Finally, the plaintiff’s attorney must prove causation. A plaintiff’s attorney must prove the defendant’s negligence was the direct cause of the plaintiff’s damages rather than some other cause. The plaintiff’s attorney may also prove that the death in question would not have occurred but for the defendant’s negligence.

In the event a person dies from criminal activity such as an armed robbery, homicide, or domestic abuse, the victim’s family may pursue a suit for civil recovery. The offender will also face criminal prosecution from the state. Evidence involved in the criminal case may come into play during the civil trial.

It’s vital for plaintiffs in this situation to remember that even if a defendant avoids criminal conviction, the standard of proof is lower in a civil case, and recovery through a wrongful death case is still possible.

Multiple liable parties

Illinois upholds a comparative negligence law. This means multiple parties can potentially share liability for wrongful death or any other type of civil injury.

For example, if a negligent driver causes a car accident and then the victim receives negligent medical care and dies, his or her surviving loved ones potentially have grounds for legal action against both the negligent driver who caused the accident and the negligent medical professional that provided inadequate or irresponsible care.

Illinois also upholds that a plaintiff may incur liability if a case investigation reveals the plaintiff contributed to his or her damages in any way. For example, if the deceased person in a wrongful death claim contributed in any way to the fatal event in question, the claimants may face a reduced settlement to reflect his or her degree of fault.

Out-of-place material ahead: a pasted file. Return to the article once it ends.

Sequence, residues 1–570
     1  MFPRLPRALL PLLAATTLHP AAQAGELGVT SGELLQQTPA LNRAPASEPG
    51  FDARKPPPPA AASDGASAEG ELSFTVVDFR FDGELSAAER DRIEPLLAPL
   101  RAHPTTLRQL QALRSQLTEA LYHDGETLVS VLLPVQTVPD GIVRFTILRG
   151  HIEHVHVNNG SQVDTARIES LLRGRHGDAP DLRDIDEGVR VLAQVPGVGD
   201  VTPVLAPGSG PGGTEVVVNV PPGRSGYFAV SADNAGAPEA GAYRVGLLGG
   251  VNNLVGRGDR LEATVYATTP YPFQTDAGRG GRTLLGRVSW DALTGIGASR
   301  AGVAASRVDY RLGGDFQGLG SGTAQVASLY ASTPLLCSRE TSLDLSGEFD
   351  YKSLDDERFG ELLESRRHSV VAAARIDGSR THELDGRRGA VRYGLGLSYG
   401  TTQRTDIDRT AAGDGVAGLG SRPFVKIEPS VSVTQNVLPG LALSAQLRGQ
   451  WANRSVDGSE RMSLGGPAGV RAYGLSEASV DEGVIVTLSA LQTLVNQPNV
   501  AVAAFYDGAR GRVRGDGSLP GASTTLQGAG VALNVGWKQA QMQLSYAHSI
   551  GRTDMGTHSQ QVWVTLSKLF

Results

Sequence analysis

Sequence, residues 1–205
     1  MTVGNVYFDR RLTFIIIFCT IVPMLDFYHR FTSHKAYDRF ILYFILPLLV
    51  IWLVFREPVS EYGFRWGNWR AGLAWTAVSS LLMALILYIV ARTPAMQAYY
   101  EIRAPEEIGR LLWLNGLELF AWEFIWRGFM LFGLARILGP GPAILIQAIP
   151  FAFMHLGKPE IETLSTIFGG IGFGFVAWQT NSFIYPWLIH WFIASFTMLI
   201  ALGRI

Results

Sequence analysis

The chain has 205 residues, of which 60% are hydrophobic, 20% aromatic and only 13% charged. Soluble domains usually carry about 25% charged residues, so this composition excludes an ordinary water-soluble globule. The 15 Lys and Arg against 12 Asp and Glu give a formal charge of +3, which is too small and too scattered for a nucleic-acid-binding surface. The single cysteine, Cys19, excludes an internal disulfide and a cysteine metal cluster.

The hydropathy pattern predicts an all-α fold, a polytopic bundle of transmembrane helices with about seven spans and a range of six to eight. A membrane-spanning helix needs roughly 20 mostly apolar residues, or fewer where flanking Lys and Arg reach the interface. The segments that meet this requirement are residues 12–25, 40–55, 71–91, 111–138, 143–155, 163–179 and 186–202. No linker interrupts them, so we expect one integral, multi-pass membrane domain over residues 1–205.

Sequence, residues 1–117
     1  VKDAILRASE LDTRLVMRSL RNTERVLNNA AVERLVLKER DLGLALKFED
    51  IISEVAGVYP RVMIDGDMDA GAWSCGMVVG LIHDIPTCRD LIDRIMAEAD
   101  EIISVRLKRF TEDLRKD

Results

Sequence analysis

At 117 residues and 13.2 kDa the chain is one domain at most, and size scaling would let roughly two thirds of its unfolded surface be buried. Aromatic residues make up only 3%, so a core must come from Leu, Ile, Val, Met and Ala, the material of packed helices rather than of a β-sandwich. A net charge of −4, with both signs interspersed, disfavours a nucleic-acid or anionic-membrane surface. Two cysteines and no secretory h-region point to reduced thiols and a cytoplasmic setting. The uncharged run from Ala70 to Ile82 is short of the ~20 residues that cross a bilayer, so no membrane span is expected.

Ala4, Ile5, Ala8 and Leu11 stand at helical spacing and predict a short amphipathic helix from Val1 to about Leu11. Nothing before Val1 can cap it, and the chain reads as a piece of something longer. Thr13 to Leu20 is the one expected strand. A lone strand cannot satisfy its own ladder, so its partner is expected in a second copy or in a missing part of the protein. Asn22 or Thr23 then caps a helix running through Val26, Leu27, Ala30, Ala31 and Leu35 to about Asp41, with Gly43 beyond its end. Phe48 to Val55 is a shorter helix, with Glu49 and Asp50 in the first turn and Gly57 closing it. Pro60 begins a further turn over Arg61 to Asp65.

Who can file a wrongful death lawsuit?

The Illinois Wrongful Death Act requires the personal representative of a deceased individual’s estate to file a lawsuit on behalf of the deceased. Unless the deceased named a specific individual to act as his or her personal representative, Illinois law allows family members such as the surviving spouse or adult child of a deceased individual to file a wrongful death claim. A parent may also file a suit for the wrongful death of a child.

If the deceased individual died before naming a personal representative for his or her estate, the court will likely select one of the previously mentioned close relatives to act as the personal representative for the claim.

chicago wrongful death family

What is the statute of limitations?